As it completes the first phase of the Southeast Connector roadway, the Regional Transportation Commission is now waiting to hear on its application for a wetlands permit for the remainder of the project. Reno Public Radio's Michelle Bliss reports that the new thoroughfare is meant to ease traffic congestion by linking south Reno to east Sparks.
With the $65 million construction of phase one wrapping up, RTC Spokesman Joe Harrington says the organization is waiting for a green light from the U.S. Army Corps of Engineers.
"We are hopeful that it will perhaps be in just a few weeks," he says. "We feel that the engineering here is solid and are moving ahead with phase two. The environmental analysis was comprehensive here. We will monitor and maintain the wetlands in the long term; there is a plan for that."
Back in the fall, the Army Corps of Engineers collected public comments on the RTC's application. Those included the EPA's warning that more study and monitoring would be needed for mercury levels in Steamboat Creek, south of the Truckee River.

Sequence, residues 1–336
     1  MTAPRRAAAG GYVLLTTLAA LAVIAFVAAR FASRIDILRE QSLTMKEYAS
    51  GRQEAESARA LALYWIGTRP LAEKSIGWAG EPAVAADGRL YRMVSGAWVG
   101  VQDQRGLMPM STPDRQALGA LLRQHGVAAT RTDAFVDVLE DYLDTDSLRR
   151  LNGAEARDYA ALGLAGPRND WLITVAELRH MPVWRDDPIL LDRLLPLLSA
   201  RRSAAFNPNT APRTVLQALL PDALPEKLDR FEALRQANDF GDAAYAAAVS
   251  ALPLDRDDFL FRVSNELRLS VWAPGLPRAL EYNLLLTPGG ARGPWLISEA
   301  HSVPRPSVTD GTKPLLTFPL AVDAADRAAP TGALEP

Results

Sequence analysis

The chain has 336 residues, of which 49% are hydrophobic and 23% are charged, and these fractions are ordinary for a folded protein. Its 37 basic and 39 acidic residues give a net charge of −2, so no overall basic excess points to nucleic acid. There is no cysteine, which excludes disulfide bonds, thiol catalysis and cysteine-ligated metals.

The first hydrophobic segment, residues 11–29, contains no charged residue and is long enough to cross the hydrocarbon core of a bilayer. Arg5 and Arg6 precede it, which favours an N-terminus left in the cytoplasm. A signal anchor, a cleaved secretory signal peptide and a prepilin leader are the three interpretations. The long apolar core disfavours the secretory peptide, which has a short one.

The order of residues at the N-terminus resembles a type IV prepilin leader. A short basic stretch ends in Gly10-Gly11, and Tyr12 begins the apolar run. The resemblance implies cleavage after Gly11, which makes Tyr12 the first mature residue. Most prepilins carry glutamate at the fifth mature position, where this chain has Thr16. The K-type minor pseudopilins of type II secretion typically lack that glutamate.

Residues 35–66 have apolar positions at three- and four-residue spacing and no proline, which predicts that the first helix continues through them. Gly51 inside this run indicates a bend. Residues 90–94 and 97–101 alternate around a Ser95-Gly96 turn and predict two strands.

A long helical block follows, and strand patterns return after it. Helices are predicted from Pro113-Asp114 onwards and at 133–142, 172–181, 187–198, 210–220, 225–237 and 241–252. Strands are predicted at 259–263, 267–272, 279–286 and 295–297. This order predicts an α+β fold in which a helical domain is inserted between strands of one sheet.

Harrington says the RTC has addressed those concerns and that the project will isolate soil containing the highest concentrations of mercury under the roadway at a higher elevation than where it sits now.
"Currently, small floods are able to spread that mercury around the area, so by moving it up and putting it under the roadway, this is going to prevent floodwaters from continuing to spread this throughout the area," Harrington explains.
If the wetlands application is approved, transportation officials expect tires to hit the pavement by early 2017.